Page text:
Indeed, some of China's experience has already proved helpful for the African market. For example, a Chinese tech company involved in the African market for three years told the Global Times that goods and services Chinese people are familiar with, such as phones, e-commerce, O2O and internet finance, have been emerging in African markets as well. 

"We are now exploring opportunities in the application of intelligent finance and intelligent transport, aiming to use big data and artificial intelligence technology to build future banks, intelligent malls and airports to improve the convenience and safety of local people," the company, which preferred not to be named in the report, said in a statement it sent to the Global Times.

"Africa in Latin means 'burning,' and now millions of Chinese people are burning and striving for the continent," said the company.

Although Hu mentioned that the firm is interested in e-commerce and all sectors related to the mobile internet industry, he revealed only one of the many companies Gobi has invested in - Cleverhome, a Shanghai-based e-commerce company selling products including building materials, home appliances and motorcycles to Africa.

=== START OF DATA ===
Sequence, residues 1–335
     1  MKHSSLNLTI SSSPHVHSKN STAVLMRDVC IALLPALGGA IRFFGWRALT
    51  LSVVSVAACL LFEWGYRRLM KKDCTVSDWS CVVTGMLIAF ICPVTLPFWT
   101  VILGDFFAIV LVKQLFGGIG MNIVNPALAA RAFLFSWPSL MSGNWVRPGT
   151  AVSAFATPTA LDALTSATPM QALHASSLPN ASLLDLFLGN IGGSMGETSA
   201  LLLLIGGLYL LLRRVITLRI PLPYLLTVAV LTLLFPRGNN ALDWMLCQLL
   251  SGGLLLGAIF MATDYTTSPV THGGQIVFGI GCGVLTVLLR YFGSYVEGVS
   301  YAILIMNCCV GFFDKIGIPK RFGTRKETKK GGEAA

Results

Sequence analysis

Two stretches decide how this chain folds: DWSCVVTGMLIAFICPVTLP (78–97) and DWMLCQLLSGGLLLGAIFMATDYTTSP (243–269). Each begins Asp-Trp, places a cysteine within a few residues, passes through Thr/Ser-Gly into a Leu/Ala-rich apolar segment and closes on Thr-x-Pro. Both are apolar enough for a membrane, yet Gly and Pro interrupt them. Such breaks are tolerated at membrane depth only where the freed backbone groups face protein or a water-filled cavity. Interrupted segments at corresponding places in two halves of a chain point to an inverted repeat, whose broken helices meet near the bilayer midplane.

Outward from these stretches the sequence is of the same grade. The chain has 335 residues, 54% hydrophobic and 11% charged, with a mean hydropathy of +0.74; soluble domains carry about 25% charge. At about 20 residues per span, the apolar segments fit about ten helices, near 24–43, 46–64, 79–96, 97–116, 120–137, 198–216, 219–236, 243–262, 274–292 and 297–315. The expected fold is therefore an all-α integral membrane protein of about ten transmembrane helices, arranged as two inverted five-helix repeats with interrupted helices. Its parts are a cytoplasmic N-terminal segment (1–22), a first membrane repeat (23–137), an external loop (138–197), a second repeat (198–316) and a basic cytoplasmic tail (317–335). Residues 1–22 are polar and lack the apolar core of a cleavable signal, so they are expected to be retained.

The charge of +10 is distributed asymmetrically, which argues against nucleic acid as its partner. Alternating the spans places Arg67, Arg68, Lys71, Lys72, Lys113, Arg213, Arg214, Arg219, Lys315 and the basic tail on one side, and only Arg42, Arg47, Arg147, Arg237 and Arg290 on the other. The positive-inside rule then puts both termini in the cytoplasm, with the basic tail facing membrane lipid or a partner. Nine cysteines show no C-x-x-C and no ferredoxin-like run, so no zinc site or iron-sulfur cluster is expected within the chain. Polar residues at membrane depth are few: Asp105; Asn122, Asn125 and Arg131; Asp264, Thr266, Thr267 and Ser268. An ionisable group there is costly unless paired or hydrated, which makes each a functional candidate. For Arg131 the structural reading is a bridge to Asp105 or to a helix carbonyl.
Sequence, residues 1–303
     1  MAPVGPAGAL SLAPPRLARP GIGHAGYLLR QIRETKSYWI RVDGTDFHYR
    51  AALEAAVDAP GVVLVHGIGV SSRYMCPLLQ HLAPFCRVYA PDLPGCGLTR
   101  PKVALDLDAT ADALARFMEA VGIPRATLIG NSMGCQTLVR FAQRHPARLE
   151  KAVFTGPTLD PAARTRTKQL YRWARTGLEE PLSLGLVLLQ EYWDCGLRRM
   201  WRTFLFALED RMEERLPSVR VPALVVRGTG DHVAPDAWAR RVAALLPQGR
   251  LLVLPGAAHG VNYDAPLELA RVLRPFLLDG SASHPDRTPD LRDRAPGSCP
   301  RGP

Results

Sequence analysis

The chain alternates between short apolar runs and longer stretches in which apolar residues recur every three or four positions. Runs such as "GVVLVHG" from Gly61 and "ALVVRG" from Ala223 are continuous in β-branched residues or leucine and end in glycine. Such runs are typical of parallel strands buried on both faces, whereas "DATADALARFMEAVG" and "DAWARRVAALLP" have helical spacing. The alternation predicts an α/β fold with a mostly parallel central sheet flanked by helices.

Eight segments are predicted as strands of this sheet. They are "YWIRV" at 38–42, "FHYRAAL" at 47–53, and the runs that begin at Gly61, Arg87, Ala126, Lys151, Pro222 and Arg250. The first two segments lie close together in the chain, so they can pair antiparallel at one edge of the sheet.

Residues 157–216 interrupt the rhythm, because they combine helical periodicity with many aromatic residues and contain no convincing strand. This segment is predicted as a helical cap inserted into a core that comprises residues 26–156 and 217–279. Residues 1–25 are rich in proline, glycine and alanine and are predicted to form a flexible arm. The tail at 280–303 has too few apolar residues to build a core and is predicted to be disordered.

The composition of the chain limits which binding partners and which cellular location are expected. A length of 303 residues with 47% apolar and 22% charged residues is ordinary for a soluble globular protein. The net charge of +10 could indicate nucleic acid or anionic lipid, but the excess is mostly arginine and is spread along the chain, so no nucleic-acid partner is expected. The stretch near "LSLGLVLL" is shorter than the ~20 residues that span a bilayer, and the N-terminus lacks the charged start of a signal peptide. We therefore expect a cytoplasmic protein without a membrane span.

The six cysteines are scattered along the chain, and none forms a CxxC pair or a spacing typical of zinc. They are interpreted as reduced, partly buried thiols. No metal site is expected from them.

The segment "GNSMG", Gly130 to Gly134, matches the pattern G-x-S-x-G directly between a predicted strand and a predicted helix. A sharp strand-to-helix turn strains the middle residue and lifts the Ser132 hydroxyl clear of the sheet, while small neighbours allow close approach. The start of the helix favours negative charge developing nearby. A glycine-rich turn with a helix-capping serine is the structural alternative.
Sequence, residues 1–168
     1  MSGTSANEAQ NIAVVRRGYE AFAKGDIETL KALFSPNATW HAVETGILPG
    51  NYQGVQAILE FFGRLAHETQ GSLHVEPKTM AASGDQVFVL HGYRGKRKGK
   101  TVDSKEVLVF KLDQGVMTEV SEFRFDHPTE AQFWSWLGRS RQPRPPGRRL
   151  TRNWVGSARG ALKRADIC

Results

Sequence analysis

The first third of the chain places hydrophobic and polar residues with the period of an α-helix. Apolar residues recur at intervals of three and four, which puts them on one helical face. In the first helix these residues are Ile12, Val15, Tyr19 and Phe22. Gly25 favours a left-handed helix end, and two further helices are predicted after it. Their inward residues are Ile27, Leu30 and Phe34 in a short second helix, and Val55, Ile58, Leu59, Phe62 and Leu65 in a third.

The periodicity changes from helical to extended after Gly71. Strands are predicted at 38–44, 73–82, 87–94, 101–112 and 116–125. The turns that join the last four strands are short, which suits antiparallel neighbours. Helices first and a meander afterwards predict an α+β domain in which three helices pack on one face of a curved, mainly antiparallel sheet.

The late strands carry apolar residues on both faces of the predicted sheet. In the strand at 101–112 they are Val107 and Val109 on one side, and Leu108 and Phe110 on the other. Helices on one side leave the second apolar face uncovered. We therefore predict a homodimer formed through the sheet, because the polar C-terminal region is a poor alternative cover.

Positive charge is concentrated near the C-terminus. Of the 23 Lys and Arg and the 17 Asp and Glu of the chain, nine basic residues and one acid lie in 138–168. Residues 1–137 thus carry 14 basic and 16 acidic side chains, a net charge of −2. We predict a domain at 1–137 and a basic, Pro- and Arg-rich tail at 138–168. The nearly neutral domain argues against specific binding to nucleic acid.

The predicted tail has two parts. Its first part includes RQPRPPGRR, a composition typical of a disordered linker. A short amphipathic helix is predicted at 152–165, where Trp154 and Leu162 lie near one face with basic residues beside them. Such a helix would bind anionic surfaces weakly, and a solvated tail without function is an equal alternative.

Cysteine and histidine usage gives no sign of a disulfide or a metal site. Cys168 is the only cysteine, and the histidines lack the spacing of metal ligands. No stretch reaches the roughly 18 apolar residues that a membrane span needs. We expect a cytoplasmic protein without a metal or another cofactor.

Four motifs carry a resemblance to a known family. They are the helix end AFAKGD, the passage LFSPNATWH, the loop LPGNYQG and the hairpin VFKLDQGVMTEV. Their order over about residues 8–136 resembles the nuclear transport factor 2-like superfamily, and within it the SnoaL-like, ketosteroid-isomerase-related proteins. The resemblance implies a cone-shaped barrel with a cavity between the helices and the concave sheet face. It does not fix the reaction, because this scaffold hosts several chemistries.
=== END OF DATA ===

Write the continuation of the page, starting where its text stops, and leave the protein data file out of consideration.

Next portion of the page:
"We are more inclined to invest in projects and companies with both local and Chinese people in their decision-making bodies. That way, the company not only has someone who can help bring China's experience in the new market, but can also know how to localize and know the real demands of local people," Hu said.

Crystal Stream said it believes mobile payment, transportation and logistics are promising sectors that they would recommend and are interested in investing in but did not disclose which projects it has invested in so far.

Challenges are also huge. For example, language barriers, culture and localization issues are challenges that every Chinese company has to overcome once entering Africa. And the continent cannot simply be considered "one entity" as development levels in different countries are quite different, said industry insiders.

Moreover, industry players cautioned that despite Africa's potential to grow based on a development model similar to China, the market also has its unique characteristics that Chinese investors have to be aware of and learn about. For example, local people prefer to ride motorcycles instead of hailing a taxi when going out.

 "Maybe it will still take some 10 years before the harvest season for start-ups in Africa finally arrives," Hu said. "But there's no doubt that everyone is looking at the promising continent."